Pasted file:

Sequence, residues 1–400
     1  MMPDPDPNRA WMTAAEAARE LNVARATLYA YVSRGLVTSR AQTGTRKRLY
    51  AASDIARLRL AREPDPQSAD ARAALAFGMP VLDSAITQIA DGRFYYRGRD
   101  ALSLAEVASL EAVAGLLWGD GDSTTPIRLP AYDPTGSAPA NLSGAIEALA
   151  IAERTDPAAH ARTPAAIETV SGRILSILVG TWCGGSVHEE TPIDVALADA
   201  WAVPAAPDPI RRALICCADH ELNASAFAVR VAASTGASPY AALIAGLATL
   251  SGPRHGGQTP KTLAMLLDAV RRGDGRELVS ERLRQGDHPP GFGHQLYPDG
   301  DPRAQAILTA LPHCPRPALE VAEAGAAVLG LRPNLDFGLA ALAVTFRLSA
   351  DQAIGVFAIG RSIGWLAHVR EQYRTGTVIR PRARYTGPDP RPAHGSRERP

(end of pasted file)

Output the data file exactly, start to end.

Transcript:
Sequence, residues 1–400
     1  MMPDPDPNRA WMTAAEAARE LNVARATLYA YVSRGLVTSR AQTGTRKRLY
    51  AASDIARLRL AREPDPQSAD ARAALAFGMP VLDSAITQIA DGRFYYRGRD
   101  ALSLAEVASL EAVAGLLWGD GDSTTPIRLP AYDPTGSAPA NLSGAIEALA
   151  IAERTDPAAH ARTPAAIETV SGRILSILVG TWCGGSVHEE TPIDVALADA
   201  WAVPAAPDPI RRALICCADH ELNASAFAVR VAASTGASPY AALIAGLATL
   251  SGPRHGGQTP KTLAMLLDAV RRGDGRELVS ERLRQGDHPP GFGHQLYPDG
   301  DPRAQAILTA LPHCPRPALE VAEAGAAVLG LRPNLDFGLA ALAVTFRLSA
   351  DQAIGVFAIG RSIGWLAHVR EQYRTGTVIR PRARYTGPDP RPAHGSRERP